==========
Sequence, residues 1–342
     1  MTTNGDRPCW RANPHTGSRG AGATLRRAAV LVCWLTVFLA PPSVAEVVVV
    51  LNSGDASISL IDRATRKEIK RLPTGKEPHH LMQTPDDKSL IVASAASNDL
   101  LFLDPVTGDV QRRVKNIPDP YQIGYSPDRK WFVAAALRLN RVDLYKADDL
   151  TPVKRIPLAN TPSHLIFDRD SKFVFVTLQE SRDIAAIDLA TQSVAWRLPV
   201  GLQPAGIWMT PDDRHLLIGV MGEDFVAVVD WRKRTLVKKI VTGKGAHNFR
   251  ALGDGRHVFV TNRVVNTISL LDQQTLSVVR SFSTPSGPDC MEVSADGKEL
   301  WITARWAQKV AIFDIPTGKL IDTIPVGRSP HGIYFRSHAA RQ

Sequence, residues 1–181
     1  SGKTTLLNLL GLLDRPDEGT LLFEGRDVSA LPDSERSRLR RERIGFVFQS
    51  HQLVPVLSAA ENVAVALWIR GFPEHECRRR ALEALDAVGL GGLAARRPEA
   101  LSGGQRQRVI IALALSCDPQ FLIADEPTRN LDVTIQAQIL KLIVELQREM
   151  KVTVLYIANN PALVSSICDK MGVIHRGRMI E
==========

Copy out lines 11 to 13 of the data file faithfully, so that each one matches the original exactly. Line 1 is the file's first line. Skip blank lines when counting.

    51  HQLVPVLSAA ENVAVALWIR GFPEHECRRR ALEALDAVGL GGLAARRPEA
   101  LSGGQRQRVI IALALSCDPQ FLIADEPTRN LDVTIQAQIL KLIVELQREM
   151  KVTVLYIANN PALVSSICDK MGVIHRGRMI E